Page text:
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Professor Brings 'Picasso Project' To SHSU

Enrique Mallen

Enrique Mallén, professor in the foreign languages department and director of the Online Picasso Project, studies Pablo Picasso by recreating his work. Mallén's copy of Picasso's "The Two Saltimbanques" hangs in his office.

In a world where you can type the words “Pablo Picasso” into Google and get more than 3.5 million hits, it’s hard to imagine a time when typing those same words into an Internet browser would return only one result.

But that was the world that existed when SHSU foreign languages professor Enrique Mallén founded the Online Picasso Project to document his research information for the art history classes he taught at Texas A&M in 1997.

“You have to understand that in 1997, the Internet was still kind of new; 1995 is really when it took off,” he said. “In 1997, to my surprise, there was one Web site on Picasso, and it was very, very limited.

“One of the reasons that I did it was because I wanted to have a Web site on such an important artist in Spanish art,” he said.

As the Internet began to grow and his classroom became more and more prepared to handle the phenomenon, the project and its popularity soared.

“The response was overwhelming,” he said. “That was one of the things that blew my mind. When the project started growing, the response was tremendous, and people were so thankful for this resource.”

Using his students as researchers, as well as the information he was collecting for the several books he wrote on the artist, they began compiling data to meet the demands of museums, galleries and scholars, including Mallén himself.

Today, Mallén’s Online Picasso Project chronicles more than 13,300 of the Spanish artist’s 50,000 works, including thousands of articles, work and exhibition reviews and even plays and poetry, as Picasso was a “prolific writer” as well, Mallén said.

Web site perusers can search by year, museum name or city to find high-resolution pictures of all of Picasso’s catalogued works, where they are located, the medium of the work (such as oil on canvas) and the dimensions, among other information.

“Not just a Web site,” the project uses “all the innovations of computer science to make a project that is tailored toward the user,” Mallén said.

“It’s a project that changes according to who is using it,” he said. “You have scholars, for example, looking for specific information, or critical information, about Picasso’s work; you also have galleries that go in there looking for some data, some work and where it might be located or if it was auctioned recently; or you might have museums trying to get some information on borrowing to mount an exhibition.”

One such museum was El Prado, one of the most prestigious museums in Spain, which contacted him about a year and a half ago seeking information.

Recently, Mallen’s project has caught the attention of international media, having been featured on PBS and in the British “The Guardian” newspaper, in which writer Ana Finel Honigman said, “the artist would surely approve of this most comprehensive and extensive Web site devoted entirely to him.”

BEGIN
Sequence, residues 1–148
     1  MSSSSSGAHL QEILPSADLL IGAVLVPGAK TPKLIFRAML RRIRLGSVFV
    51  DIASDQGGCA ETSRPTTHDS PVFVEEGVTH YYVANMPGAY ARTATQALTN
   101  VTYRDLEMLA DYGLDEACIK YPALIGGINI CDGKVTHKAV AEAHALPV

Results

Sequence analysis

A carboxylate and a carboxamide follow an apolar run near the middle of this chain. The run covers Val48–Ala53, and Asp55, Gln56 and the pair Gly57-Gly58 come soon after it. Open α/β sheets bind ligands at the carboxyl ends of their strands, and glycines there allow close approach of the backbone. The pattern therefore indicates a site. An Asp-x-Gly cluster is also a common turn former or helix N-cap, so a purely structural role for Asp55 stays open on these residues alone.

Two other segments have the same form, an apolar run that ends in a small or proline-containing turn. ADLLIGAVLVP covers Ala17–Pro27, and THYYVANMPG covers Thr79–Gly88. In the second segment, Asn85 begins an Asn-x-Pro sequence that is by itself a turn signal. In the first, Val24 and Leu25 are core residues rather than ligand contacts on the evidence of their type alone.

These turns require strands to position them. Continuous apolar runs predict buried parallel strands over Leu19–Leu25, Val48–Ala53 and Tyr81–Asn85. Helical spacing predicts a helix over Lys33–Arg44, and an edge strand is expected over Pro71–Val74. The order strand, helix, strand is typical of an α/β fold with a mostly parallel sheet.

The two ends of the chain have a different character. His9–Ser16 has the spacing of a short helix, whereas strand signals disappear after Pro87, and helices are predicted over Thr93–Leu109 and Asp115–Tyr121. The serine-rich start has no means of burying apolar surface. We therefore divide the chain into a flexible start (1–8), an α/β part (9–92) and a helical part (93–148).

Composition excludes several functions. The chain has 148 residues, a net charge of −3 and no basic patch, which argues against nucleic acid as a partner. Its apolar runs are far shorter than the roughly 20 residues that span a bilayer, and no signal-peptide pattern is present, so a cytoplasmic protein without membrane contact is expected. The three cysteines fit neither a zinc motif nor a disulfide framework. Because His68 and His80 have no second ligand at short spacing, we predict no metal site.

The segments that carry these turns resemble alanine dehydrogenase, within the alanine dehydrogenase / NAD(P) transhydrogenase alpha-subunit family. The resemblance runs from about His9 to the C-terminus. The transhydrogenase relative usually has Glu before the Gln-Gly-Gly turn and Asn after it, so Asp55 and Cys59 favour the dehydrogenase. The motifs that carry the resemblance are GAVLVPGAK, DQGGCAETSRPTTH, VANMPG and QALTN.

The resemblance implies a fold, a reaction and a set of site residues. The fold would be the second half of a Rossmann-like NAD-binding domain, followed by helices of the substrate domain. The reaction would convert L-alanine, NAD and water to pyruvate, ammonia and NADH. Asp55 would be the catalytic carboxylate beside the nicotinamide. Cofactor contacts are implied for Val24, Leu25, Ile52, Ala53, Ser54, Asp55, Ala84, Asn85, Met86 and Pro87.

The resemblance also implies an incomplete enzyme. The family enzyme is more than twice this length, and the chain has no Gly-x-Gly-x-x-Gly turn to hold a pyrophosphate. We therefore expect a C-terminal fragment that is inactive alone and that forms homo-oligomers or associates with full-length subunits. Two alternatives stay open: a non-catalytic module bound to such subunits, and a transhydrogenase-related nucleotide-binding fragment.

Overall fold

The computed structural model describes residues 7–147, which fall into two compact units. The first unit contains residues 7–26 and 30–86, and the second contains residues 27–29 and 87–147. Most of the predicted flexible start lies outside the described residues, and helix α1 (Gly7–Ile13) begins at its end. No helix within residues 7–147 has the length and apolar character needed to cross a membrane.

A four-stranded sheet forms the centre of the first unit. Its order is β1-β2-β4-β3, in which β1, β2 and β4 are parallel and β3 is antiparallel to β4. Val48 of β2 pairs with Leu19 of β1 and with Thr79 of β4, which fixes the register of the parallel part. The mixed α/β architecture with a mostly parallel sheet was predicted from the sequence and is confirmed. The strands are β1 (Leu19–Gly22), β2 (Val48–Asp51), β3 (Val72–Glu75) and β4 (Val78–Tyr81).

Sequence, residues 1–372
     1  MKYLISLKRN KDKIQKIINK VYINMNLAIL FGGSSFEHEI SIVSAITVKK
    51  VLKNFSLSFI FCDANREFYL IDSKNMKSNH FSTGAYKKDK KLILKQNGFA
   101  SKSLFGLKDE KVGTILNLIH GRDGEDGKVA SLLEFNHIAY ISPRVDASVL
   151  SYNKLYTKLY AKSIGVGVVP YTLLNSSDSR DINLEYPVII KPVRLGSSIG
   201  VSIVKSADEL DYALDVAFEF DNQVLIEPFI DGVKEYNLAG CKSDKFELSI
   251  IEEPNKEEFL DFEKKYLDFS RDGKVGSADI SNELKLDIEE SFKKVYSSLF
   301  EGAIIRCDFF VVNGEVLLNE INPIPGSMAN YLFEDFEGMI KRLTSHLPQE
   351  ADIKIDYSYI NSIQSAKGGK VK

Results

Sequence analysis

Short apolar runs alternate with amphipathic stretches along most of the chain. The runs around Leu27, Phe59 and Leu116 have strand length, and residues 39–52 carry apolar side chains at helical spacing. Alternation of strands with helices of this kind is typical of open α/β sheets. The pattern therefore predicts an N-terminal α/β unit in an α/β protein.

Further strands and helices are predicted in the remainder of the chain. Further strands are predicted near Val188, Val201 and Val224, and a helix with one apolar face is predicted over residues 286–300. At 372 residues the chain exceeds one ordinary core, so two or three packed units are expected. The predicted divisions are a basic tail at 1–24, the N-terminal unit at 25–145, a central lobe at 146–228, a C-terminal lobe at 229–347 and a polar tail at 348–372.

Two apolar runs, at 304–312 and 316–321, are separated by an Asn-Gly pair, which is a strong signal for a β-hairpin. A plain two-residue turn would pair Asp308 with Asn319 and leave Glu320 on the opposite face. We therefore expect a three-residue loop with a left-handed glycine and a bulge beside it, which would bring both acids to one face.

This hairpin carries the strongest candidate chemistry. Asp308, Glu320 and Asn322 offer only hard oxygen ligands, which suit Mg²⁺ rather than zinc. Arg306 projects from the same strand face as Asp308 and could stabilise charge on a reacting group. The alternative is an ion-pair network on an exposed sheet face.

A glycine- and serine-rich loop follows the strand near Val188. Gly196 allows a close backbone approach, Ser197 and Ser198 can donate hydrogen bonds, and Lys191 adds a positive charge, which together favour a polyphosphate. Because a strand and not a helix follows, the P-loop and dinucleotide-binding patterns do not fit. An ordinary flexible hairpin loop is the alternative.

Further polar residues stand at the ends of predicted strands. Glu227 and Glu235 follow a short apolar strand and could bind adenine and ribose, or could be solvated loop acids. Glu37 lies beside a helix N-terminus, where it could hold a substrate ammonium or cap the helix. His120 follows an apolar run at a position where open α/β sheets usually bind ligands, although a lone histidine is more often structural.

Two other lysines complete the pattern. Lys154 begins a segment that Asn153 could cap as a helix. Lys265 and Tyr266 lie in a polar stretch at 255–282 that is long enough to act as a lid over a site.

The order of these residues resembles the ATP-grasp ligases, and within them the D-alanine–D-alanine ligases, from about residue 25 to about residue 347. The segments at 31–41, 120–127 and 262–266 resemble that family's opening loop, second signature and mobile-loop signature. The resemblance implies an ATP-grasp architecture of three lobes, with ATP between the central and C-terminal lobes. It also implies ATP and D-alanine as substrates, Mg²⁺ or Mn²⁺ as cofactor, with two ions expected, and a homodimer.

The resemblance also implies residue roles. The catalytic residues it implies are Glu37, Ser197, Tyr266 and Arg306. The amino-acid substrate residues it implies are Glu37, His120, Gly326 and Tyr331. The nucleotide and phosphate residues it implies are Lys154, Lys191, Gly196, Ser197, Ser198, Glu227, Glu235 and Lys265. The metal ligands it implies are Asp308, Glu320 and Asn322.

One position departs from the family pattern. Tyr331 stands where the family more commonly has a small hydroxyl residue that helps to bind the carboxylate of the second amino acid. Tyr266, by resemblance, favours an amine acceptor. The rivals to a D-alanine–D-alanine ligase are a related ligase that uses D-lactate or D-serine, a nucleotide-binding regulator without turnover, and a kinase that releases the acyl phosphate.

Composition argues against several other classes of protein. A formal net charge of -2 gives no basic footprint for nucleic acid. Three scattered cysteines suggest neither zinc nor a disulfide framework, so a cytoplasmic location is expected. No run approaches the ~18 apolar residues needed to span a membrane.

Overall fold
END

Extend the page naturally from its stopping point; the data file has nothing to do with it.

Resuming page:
Like Picasso, Mallén is both a Spaniard and a painter. His goal for the project is to educate his students and the public about “one of the most important artists in the history of art.

“One of the things that I really love about the project is that we professors sometimes become isolated from the community because we concentrate on our research and the classes that we teach, but people out there have other ways of doing thing and other interests, so the project keeps me in touch with other realities."

The linguist, who speaks Spanish, German and English, came to SHSU this fall and intends on having both the students here continue with the project as well as Texas A&M students who are using it both for and as the topic of their dissertations.

Both universities’ computer science programs will also maintain the Web site and update it with Mallén’s programming ideas.

“One of the wonderful things about the Picasso Project that I really love is this idea of collaboration between different disciplines,” he said. “Unfortunately, most of them (the computer scientists) have no interest in art, but they find it to be very challenging when I present to them how to do certain things.”

The challenges presented in interrelating the various aspects of Picasso’s works, as well as adding his additional almost 37,000 works to the Web site, will make the project an “infinite” one, according to Mallén.

“The thing with the project is that the more information you put in, the more challenging it becomes because everything is interrelated. The works are related to biographical facts, critical commentary,” he said. “When we started, 7,000 was hard to relate, but 13,000 is much harder to relate. When you get to 30,000, it’s going to be even harder to manipulate all of this information.

“So even if we got to the 50,000, say in the next 20 years, more challenges are going to be presented,” Mallén said. “It’s not just accumulation of the data, but manipulation of the data as well. I expect this project to continue way, way after I’m dead.”

The Online Picasso Project is located at




SHSU Media Contact: Jennifer Gauntt
Sept. 6, 2007
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